membranes and can act as Ca2+ channels. The most well-known receptor in this class binds the
second messenger inositor 1, 4, 5-triphosphate. Channels for another second messenger, cyclic ADPribose (cADPR), have been reported recently. Occupation of the receptor (which may be composed
of four subunits) leads to the opening of Ca2+ channels and an influx of Ca2+ intot he cytoplasm from
the vacuole and the ER, each of which contains Ca2+ many orders of magnitude greater than the
cytosolic concentrations. In contrast to plasma membrane-bound receptors, these protein subunits
each have four membrane-spanning domains. Other membrane-spanning proteins also may have
important functions in signal transduction.

Not all tissues or cell types are able to respond to all signals. For example, fruit tissues become
sensitive to ethylene at a certain stage of ripening, whereas guard cells are totally insensitive to high
concentrations of the gaseous hormone. Different responses by different tissues to the same signal
can in part be explained by families of receptors. Auxin, for example can induce perieyel cells to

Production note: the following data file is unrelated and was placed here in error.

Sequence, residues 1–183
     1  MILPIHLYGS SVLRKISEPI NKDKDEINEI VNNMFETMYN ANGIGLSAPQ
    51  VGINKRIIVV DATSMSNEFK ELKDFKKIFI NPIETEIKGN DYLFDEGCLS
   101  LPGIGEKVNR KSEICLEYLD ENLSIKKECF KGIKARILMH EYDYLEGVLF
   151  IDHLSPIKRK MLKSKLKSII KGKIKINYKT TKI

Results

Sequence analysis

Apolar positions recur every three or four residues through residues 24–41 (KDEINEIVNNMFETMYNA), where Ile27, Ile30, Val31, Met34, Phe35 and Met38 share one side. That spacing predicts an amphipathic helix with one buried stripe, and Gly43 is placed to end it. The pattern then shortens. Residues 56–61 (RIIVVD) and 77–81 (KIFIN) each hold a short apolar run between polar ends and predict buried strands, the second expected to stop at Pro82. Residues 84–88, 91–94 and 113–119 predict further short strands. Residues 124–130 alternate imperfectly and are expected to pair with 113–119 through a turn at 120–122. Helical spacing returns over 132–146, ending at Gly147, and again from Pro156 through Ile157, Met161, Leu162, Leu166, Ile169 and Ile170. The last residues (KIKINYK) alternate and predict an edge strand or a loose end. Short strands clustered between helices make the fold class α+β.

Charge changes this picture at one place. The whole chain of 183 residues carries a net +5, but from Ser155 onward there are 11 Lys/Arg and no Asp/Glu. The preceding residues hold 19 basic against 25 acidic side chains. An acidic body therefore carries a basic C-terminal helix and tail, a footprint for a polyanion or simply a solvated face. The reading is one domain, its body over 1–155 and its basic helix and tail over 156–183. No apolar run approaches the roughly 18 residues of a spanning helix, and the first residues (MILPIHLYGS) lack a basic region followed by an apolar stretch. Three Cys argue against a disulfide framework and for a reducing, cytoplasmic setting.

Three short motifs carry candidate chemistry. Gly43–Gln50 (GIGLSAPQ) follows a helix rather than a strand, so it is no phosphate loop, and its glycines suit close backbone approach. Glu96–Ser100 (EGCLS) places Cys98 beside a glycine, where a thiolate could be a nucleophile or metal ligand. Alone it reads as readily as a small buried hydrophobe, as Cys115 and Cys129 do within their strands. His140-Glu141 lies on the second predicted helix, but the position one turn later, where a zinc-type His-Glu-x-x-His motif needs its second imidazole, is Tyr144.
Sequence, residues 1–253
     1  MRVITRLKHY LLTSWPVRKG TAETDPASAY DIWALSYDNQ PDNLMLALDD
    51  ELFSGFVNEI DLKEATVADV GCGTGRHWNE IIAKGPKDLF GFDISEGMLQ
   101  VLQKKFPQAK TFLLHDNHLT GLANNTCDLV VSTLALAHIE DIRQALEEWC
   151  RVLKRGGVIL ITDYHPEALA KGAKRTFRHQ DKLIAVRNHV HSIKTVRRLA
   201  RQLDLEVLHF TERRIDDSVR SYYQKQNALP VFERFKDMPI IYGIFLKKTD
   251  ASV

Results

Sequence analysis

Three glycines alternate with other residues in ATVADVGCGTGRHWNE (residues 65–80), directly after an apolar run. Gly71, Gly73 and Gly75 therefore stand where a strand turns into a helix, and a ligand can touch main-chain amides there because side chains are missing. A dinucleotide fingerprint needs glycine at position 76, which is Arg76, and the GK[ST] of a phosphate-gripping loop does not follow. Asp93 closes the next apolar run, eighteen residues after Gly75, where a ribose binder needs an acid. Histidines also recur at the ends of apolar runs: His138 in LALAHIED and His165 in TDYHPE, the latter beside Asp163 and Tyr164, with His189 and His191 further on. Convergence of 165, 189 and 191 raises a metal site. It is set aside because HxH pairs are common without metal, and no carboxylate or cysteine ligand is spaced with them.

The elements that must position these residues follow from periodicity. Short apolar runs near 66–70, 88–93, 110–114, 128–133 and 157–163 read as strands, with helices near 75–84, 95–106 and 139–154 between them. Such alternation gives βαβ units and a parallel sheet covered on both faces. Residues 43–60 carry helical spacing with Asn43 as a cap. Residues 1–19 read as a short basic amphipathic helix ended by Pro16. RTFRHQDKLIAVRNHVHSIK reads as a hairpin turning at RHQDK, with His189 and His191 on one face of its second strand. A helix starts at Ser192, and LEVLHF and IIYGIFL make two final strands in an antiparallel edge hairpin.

form adventitious or lateral rots, but in coleoptile cells it promotes elongation. Different receptors
are probably involved in each response. However, divergent downstream elements of the signal
transduction pathway may also distinguish the developmental responses to auxin exhibited by
different cell types. Tissue-specific signals transduction pathways are thus defined not only by the
presence or absence of receptors but also by the presence or absence of downstream apparatus
required to transduce the responses. Tissues can adapt or desensitize themselves to continuous
signals, and receptor concentrations can change during development. For example, when etiolated
seedlings are exposed to red or white light, the cellular concentrations of phytochromes decrease
rapidly.

The gas ethylene regulates ripening, germination, elongation, senescence, and pathogen responses.
Several ethylene receptors have been cloned through isolation of ethylene insensitive mutants and
subsequent use of molecular technology to identify the mutant gene. ETR1, a 79-kDa protein with a
transmembrane domain, was the first receptor cloned from Arabidopsis. The C terminus of ETR1 is
homologous to a bacterial two component system hybrid kinase. ETR1 exists as a dimer in the
plasma membrane. Ethylene joins the two monomers together and permits intermolecular